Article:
kubectl OIDC Authentication

kubectl OIDC Authentication

Overview

By default Kublr provisions clusters and provides two ways to access the cluster API:

  1. direct access to the managed cluster API with certificate-based authentication and cluster-admin permissions by default

  2. Kublr proxied access to the managed cluster API with Kublr OIDC authentication (as described in OpenID Connect (OIDC) authentication)

Regular Kublr users (non-admins) should use the latter method, which is documented here.

Kublr provides regular users with a kubeconfig file that includes the individual cluster Kublr API proxy endpoint, public certificates and keys, and configuration for kubelogin kubectl plugin necessary to perform OIDC authentication with Kublr OIDC identity provider.

This approach enables access by both Kublr-manages users as well as external users who log in via SSO integration with Kublr (e.g. AWS IAM, Google Apps, or Azure AD users).

The authentication flow works as wollows:

  • a user runs a kubectl command
  • kubectl calls kubelogin plugin, which opens OIDC authentication endpoint in a browser
  • the user logs into Kublr in the browser according to policies and integrations configuration in the Kublr identity provider; any SSO configuration and integrations take place at this step
  • the identity provider issues Kublr OIDC tokens and returns them to the kubelogin kubectl plugin
  • kubelogin stores the tokens and returns them to kubectl
  • kubectl sends the request along with the OIDC token to Kublr Kubernetes API proxy endpoint
  • Kublr authenticates the user using the token, and forwards the request to the cluster API with cluster-admin certificate authentication and user/group impersonation headers corresponding to the Kublr-authenticated user

Regular Kublr users (non-admins) should use the latter method, which is documented here.

Kublr provides regular users with a kubeconfig file that includes the individual cluster Kublr API proxy endpoint, public certificates and keys, and configuration for kubelogin kubectl plugin necessary to perform OIDC authentication with Kublr OIDC identity provider.

This approach enables access by both Kublr-manages users as well as external users who log in via SSO integration with Kublr (e.g. AWS IAM, Google Apps, or Azure AD users).

The authentication flow works as wollows:

  • a user runs a kubectl command
  • kubectl calls kubelogin plugin, which opens OIDC authentication endpoint in a browser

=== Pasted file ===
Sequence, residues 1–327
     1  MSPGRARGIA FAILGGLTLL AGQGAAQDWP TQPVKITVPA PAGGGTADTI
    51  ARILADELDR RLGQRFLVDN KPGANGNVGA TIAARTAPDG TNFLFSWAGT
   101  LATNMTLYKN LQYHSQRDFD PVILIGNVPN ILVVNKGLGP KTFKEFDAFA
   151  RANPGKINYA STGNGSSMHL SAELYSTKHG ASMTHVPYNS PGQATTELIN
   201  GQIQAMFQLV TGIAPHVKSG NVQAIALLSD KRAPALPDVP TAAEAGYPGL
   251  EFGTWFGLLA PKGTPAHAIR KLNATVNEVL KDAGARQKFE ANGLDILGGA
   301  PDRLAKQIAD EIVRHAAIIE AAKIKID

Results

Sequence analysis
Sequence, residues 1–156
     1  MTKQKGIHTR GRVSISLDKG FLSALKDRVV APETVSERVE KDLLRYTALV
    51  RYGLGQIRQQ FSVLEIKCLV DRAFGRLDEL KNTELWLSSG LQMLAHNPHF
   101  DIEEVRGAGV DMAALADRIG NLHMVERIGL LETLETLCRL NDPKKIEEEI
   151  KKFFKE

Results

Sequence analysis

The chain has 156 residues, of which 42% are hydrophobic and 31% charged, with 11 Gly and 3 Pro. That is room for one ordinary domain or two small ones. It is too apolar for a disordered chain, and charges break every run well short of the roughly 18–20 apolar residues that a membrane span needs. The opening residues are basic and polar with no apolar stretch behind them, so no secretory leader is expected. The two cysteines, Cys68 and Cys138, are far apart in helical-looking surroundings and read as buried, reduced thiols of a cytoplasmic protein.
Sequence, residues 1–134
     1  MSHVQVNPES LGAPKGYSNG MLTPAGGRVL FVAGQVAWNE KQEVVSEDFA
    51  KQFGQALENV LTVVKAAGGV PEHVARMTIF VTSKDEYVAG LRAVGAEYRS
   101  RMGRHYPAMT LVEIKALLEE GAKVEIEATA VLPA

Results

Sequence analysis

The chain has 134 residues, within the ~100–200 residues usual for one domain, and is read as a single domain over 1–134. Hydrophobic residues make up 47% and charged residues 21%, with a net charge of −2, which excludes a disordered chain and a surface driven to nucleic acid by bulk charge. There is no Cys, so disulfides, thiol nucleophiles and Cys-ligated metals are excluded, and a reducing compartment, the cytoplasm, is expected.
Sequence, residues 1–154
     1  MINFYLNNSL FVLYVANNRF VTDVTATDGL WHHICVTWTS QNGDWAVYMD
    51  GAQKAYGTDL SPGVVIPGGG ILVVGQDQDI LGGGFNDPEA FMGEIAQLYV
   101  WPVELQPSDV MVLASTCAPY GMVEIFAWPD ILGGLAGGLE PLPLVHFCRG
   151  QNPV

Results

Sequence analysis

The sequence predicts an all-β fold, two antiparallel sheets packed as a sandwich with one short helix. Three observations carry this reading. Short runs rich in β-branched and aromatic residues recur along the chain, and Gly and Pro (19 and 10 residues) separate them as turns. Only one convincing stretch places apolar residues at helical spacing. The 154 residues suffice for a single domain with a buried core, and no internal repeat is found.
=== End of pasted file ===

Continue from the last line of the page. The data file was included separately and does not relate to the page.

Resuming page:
• the user logs into Kublr in the browser according to policies and integrations configuration in the Kublr identity provider; any SSO configuration and integrations take place at this step
  • the identity provider issues Kublr OIDC tokens and returns them to the kubelogin kubectl plugin
  • kubelogin stores the tokens and returns them to kubectl
  • kubectl sends the request along with the OIDC token to Kublr Kubernetes API proxy endpoint
  • Kublr authenticates the user using the token, and forwards the request to the cluster API with cluster-admin certificate authentication and user/group impersonation headers corresponding to the Kublr-authenticated user

Kublr - kubectl OIDC Login - Diagram

Installing kubelogin

Install kubelogin accoding to the instructions.

Krew kubectl plugin manager is probably the easiest installation method:

kubectl krew install oidc-login

Aleternatively, kubelogin can be installed as follows:

  1. Download kubelogin binary.
  2. Rename to kubectl-oidc_login (note the difference between dash and underscore).
  3. Move the binary to any directory on the binary path.
  4. Test that the new command works by running kubectl oidc-login

Instructions

  1. Log into Kublr.

  2. Navigate to your cluster page.

  3. Use the CLUSTER tab.

  4. Find the CLI field, do one of the following:

    • Click Download Admin Cube Config File - this kubeconfig file contains configuration for the direct access to the cluster API with cluster-admin permission.

      This file is only available for download to Kublr users with admin permissions to the cluster.

      This kubeconfig file contains critical security information and should be handled and disctibuted (if necessary) with care.

    • Click Download User Cube Config File - this kubeconfig file contains configuration for Kublr-proxied OIDC-authenticated access to the target custer.

      This file does not contain any critical security information and can be distributed to any users, as this file configures kubectl for client-side OIDC authentication in Kublr OIDC identity provider.

    Note The “Admin” version of config will only be availablbe if you have the administator permissions.

    Cluster - CLI

  5. Place the downloaded kubeconfig file into an appropriate folder or configure KUBECONFIG environment variable to set upl the local kubectl as documeneted.

  6. Run kubectl. In your browser, the Kublr authorization window will be displayed.

  7. Use your Kublr login and password or follow the configured SSO authentication process.

    OIDC - Sign-In Window

  8. Click SIGN IN.

    In your browser, the OK message is displayed. You are now logged into your cluster via kubectl and can manage it.